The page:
celebrating the history of St. George's Square, Huddersfield

Category: From the Archives Page 1 of 3

We’ve been searching in the newspapers, and other sources, to bring you stories in which St George’s Square has played its part and we will be adding to these stories from time to time. Some of these tales may surprise you…

Station to Station

Huddersfield Railway Station

NETHERLANDS MAIL STEAMERS

£2 10s. – £2 10s. – £2 10s

HUDDERSFIELD to NEW YORK or PHILADELPHIA, entire fare £2 10s (infants free), including excellent provisions and separate sleeping berths in enclosed cabins. Privacy, speed and comfort make this a favourite route for English families with limited means. Passengers leave Huddersfield, every Wednesday. Through tickets from Huddersfield to all stations in the United States now reduced. Buenos Ayres and all River Plate Ports from Huddersfield, £8. Levy’s Shipping Offices, 41, Finsbury Pavement, London

Huddersfield daily examiner, 13 September 1886

‘Huddersfield’s Welcome to the Cup Winners’

A GREAT DEMONSTRATION
A very remarkable demonstration was witnessed in Huddersfield when the victorious Town team returned with the Association Cup. The winners arrived in Huddersfield about half-past-two by the Grand Central express from Marylebone, and found awaiting them a very pleased and excited crowd which has been estimated at from 25,000 to 3o,000 people.

Barriers had been erected in St George’s Square, outside the station in anticipation of a crush, but the crowd exceeded all anticipations. It overflowed from the Square into John William Street, which was lined 12 deep on either side, and into New Street and it packed Ramsden Street in front of the Town Hall. The engine which drew the train into Huddersfield was decorated with the teams’ blue and white colours, and as it emerged from the tunnel it exploded a noisy salvo of fog signals.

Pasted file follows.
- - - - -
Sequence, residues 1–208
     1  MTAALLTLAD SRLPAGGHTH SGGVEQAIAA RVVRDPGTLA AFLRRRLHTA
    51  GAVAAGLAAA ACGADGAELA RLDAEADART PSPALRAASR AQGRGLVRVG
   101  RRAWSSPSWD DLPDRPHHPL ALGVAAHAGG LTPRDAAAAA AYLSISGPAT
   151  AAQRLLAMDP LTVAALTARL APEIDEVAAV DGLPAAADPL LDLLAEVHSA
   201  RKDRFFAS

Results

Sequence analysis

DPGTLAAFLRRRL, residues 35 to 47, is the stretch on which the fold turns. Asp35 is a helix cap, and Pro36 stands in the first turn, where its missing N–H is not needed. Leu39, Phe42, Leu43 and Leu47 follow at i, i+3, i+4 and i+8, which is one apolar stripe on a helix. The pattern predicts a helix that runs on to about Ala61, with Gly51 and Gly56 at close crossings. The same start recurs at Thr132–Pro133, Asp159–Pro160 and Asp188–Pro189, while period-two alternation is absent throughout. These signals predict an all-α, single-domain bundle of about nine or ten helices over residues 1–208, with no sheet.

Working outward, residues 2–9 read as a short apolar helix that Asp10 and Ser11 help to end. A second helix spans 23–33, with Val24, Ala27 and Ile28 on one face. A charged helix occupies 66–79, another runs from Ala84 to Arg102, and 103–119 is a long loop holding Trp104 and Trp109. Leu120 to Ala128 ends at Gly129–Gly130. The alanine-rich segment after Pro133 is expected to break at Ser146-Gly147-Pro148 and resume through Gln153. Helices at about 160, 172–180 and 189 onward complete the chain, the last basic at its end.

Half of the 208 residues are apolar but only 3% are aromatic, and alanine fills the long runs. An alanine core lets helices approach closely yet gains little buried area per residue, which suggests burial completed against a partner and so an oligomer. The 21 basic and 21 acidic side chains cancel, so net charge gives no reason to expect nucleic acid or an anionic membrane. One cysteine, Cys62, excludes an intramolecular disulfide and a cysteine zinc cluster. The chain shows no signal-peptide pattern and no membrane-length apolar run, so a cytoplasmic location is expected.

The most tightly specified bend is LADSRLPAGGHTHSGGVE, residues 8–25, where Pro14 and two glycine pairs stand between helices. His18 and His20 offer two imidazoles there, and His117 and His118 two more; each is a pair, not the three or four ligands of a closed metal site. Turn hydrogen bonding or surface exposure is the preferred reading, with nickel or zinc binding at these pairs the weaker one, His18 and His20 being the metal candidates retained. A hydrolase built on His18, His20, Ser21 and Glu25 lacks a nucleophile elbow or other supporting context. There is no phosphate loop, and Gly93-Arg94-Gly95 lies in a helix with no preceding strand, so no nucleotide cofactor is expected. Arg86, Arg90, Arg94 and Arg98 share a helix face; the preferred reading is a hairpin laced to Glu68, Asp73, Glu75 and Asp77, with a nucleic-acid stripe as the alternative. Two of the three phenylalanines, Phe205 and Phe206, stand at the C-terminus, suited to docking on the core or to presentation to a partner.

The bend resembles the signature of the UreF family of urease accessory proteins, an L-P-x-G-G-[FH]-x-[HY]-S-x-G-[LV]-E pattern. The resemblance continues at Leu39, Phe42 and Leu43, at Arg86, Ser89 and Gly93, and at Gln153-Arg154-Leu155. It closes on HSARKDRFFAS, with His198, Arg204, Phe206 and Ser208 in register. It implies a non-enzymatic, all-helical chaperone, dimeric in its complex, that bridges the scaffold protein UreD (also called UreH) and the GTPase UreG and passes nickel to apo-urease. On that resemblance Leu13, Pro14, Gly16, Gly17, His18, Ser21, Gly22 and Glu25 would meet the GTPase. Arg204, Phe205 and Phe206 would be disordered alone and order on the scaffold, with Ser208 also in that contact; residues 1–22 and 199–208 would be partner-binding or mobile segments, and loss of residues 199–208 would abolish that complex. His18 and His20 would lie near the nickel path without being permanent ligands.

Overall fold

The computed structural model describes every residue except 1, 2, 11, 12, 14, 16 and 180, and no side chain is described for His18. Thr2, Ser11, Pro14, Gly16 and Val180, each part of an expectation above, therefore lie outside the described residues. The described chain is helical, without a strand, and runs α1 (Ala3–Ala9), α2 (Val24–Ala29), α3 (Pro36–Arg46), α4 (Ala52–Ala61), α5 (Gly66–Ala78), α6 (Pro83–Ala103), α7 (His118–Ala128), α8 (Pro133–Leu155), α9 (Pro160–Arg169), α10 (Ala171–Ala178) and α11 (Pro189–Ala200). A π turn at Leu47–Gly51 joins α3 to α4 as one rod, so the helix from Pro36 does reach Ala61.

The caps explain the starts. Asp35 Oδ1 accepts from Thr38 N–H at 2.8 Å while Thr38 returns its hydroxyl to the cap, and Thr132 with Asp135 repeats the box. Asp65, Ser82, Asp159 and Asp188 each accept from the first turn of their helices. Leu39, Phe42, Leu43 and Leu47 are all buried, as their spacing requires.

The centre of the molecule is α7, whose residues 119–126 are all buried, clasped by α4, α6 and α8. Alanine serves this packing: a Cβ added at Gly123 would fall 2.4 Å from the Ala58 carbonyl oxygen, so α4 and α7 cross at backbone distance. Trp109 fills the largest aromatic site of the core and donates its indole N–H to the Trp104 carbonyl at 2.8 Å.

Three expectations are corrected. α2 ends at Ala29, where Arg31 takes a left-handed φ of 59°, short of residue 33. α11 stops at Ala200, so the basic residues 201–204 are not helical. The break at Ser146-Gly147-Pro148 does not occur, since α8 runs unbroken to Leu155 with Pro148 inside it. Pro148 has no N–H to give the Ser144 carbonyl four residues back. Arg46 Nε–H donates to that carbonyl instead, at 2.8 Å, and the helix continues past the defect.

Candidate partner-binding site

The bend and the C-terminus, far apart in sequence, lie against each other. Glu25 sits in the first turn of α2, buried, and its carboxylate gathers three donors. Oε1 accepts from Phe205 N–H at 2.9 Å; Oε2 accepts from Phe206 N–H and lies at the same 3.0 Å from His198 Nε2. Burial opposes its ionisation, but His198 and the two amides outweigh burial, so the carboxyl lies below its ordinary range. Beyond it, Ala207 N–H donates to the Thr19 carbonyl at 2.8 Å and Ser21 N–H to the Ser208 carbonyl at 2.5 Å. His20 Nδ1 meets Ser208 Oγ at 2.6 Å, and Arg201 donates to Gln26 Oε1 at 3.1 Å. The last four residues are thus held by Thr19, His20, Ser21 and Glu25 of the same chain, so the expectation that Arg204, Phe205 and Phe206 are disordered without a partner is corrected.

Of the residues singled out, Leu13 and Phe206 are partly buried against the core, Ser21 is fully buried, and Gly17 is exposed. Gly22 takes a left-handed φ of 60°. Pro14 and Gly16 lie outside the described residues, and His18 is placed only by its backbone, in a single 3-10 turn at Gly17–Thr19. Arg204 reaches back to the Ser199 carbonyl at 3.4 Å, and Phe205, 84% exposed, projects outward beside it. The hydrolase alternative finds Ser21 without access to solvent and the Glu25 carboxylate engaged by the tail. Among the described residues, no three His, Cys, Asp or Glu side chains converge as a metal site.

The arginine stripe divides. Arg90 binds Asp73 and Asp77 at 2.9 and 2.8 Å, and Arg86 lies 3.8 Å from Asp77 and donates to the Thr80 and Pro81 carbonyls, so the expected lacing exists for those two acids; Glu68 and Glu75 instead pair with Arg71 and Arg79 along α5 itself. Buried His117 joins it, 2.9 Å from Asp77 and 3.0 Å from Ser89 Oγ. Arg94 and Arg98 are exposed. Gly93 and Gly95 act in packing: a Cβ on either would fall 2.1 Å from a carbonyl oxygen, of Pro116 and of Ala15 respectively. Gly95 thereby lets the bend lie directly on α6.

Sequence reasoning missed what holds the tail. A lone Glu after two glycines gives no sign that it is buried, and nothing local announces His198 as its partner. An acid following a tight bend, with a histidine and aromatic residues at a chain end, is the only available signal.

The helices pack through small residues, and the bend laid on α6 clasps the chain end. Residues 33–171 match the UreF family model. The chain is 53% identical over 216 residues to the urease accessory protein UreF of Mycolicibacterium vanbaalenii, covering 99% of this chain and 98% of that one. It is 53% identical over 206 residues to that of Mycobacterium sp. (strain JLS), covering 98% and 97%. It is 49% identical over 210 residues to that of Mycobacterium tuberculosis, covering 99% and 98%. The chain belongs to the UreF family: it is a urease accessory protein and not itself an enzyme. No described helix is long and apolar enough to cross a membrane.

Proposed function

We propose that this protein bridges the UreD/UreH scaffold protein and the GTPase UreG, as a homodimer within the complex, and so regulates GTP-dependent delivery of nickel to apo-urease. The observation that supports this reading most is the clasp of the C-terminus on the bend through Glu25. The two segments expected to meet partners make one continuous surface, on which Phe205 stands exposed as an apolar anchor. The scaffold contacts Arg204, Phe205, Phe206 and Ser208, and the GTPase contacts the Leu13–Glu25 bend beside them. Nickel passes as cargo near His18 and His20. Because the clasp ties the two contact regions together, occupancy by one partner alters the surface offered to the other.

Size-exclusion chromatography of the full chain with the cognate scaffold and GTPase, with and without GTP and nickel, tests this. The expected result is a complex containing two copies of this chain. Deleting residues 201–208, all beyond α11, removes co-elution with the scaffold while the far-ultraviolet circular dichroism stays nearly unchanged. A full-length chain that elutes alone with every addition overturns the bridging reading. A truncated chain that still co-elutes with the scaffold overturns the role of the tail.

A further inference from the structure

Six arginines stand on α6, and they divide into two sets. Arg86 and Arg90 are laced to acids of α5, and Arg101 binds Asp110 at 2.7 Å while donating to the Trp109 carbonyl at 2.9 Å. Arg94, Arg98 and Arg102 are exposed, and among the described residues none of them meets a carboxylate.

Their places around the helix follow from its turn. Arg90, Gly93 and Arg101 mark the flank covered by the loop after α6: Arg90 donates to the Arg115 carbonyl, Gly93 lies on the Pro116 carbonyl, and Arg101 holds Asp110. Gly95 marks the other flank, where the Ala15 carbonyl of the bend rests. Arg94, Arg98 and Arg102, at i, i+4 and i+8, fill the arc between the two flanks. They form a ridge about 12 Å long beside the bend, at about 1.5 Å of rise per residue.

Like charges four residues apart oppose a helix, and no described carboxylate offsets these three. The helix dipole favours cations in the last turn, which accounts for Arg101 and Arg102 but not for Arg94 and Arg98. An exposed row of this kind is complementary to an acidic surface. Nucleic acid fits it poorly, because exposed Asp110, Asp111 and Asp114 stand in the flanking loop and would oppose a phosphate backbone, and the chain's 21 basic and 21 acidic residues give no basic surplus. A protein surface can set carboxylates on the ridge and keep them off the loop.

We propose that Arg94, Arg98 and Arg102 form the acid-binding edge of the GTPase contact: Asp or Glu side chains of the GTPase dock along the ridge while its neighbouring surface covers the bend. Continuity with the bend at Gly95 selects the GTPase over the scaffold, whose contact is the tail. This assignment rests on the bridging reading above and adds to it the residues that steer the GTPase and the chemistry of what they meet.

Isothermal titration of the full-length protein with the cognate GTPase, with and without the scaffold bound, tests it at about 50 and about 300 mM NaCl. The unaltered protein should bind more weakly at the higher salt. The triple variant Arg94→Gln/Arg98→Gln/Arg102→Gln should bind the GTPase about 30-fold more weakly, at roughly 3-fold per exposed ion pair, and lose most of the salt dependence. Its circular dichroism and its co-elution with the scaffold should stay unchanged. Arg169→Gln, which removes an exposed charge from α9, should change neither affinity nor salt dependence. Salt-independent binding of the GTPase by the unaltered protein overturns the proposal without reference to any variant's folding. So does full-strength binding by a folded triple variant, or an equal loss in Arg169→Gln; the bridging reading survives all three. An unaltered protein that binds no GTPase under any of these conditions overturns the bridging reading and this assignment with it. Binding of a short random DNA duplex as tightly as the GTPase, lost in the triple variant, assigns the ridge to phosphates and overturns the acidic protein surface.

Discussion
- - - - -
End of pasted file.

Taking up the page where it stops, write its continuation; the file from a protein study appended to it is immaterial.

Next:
The Deputy Mayor (Alderman Woolven) in the absence of the Mayor received the team. Motor-cars, all decorated with the Town colours, and bearing legends of welcome were waiting for the team and as they drove through the principal streets to the Town Hall, the band struck up ‘See the Conquering Hero Comes’. Every window in St George’s Square, John William Street, Market Place, New Street and Ramsden Street were crowded with faces. Every tram car, motor car or other vehicle which could be repositioned in John William Street was crowded with supporters and photographers. As the motor car conveying the players moved along the street, Wilson held the cup aloft and was greeted with rounds and rounds of cheering…

Yorkshire post and leeds intelligencer, 2 May 1922

(Tom Wilson was Town’s captain)

Pitch and Toss

John Radcliffe (18), news lad, Hill Top, Paddock; John Costello (15), shoeblack, Manchester Street; and Herbert Lamb (11), shoeblack, Manchester Street, were charged with playing at pitch and toss at St George’s Square, on the 31st ult.– Police-constable Robinson stated that at ten past two on the afternoon in question he saw four or five lads playing at pitch and toss in the square. They were pitching with half-pennies. Costello pitched , but did not toss.–Radcliffe pleaded guilty; but Costello said he was not guilty. Lamb did not appear.–Mr Ward said that Costello was without parents, and lived in a common-lodging house.–The lads were warned about repeating their conduct, and were fined 2s 6d including costs.

Supplement to the huddersfield examiner, 14 February 1891